In 1215, the despotic King John of England was confronted by an assembly of barons demanding that traditional rights be recognized, written down, confirmed with the royal seal, and sent to each of the counties to be read to all freemen. The king agreed, binding himself and his heirs to grant “to all freemen of our kingdom” the rights and liberties described in the great charter, or Magna Carta. From 1215 through 1297, the king’s successors reissued Magna Carta. In 1297, to meet his debts from foreign wars, King Edward I imposed new and harsher taxes, provoking another confrontation with the barons. This resulted not only in the reissue of Magna Carta, but for the first time, its entry into the official Statute Rolls of England.
The 1297 document represents the transition of Magna Carta from a brokered agreement to the foundation of English law, establishing the idea that people possess certain unalienable rights that cannot be overruled, even by a king. Magna Carta also guaranteed due process of law, freedom from arbitrary imprisonment, trial by a jury of peers, and other fundamental rights that inspired and informed the Founding Fathers of our nation when they wrote the Declaration of Independence, United States Constitution, and Bill of Rights.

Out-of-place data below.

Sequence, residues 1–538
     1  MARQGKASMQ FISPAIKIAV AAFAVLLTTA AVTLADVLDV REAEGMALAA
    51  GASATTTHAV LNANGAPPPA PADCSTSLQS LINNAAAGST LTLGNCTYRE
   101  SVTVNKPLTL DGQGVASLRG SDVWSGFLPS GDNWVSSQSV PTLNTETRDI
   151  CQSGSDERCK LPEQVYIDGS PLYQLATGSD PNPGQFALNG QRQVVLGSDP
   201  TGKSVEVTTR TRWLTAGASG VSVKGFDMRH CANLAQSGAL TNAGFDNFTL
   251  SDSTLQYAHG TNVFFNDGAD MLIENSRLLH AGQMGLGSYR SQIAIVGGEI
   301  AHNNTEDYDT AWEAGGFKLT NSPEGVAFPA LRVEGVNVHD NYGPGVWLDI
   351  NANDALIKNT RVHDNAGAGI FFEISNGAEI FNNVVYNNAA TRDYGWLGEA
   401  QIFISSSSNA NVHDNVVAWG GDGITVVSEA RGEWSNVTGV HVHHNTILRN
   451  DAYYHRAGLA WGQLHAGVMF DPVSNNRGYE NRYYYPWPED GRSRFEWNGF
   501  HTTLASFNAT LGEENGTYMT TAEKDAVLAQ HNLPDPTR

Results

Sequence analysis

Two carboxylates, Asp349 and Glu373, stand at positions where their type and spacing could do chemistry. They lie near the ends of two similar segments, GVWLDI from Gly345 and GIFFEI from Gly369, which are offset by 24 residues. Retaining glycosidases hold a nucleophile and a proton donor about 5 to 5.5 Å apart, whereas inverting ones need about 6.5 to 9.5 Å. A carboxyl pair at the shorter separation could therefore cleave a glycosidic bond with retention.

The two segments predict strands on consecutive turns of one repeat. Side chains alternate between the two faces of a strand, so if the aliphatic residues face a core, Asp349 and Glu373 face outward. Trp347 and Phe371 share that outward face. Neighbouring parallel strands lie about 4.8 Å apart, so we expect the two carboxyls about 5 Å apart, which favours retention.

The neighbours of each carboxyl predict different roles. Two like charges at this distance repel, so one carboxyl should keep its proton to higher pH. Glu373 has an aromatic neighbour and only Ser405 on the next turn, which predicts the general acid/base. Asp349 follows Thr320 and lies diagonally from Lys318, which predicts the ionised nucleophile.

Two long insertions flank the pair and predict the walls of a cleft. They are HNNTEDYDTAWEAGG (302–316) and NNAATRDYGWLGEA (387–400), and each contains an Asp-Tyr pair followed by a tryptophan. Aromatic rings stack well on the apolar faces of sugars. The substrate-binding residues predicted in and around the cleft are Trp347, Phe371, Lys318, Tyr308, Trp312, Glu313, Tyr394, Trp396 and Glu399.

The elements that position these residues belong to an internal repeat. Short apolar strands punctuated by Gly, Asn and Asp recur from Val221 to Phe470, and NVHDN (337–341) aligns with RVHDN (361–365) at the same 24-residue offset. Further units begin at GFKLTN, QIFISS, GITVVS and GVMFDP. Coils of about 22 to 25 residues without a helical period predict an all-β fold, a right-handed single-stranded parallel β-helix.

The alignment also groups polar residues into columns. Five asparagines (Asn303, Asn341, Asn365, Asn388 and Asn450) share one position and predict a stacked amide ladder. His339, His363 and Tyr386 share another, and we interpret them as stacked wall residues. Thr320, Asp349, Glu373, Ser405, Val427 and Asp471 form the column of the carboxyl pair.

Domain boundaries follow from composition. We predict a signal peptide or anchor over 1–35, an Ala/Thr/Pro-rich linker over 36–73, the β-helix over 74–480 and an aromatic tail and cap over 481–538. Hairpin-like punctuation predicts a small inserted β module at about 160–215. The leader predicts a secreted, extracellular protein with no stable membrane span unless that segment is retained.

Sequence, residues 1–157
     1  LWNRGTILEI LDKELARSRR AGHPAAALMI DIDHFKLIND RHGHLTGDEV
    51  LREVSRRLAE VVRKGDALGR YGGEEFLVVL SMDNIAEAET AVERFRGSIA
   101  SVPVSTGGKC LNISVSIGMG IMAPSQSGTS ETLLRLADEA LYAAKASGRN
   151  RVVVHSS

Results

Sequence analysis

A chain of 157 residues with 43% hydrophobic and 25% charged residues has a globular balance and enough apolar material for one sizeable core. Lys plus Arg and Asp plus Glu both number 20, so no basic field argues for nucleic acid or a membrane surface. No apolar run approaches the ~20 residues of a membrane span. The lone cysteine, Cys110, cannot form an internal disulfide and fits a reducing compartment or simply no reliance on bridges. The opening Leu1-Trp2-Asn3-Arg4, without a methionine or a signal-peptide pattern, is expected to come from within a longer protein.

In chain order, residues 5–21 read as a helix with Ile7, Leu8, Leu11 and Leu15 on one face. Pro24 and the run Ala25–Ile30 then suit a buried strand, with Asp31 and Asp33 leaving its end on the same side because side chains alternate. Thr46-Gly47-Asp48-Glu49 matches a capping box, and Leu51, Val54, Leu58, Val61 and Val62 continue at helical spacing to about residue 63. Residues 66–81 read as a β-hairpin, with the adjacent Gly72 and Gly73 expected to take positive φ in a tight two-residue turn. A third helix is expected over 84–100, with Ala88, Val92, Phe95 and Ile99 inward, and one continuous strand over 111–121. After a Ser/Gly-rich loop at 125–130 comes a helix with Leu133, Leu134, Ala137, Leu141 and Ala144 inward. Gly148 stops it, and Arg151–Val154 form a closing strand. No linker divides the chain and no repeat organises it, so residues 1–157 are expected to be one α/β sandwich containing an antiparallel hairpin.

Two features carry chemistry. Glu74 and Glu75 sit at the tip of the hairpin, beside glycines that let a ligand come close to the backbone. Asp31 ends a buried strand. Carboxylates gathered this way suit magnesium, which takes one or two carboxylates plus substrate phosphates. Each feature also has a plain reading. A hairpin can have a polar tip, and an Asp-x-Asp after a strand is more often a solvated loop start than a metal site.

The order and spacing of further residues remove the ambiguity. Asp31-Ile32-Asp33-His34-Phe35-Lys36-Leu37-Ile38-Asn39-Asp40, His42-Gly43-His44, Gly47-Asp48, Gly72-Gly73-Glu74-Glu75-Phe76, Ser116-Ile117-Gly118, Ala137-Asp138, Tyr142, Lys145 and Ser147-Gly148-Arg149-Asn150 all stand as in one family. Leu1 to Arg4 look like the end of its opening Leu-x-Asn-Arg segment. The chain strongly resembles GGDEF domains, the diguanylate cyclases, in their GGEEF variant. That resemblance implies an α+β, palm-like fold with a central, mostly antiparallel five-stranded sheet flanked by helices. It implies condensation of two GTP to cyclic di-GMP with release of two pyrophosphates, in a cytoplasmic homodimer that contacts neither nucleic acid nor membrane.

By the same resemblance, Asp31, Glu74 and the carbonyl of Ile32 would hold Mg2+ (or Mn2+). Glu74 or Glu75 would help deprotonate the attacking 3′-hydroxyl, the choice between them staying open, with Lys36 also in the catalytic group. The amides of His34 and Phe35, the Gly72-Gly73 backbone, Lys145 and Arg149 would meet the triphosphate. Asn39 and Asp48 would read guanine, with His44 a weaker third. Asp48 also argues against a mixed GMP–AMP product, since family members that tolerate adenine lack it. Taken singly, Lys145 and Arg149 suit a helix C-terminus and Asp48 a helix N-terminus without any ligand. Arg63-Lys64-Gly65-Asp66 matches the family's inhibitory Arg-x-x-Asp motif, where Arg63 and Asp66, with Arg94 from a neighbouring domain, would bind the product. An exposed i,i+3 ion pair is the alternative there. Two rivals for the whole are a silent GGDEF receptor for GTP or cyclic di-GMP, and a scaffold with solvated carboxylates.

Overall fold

Only four originals of the 1297 Magna Carta remain. Thanks to a generous loan from philanthropist David M. Rubenstein to the American people, the National Archives is now home to the only original 1297 Magna Carta permanently displayed in the United States. It is the centerpiece of the National Archives Museum’s latest permanent exhibition, “Records of Rights,” in the David M. Rubenstein Gallery.
Download a high-resolution version of this document from the National Archives’ Online Public Access Database.
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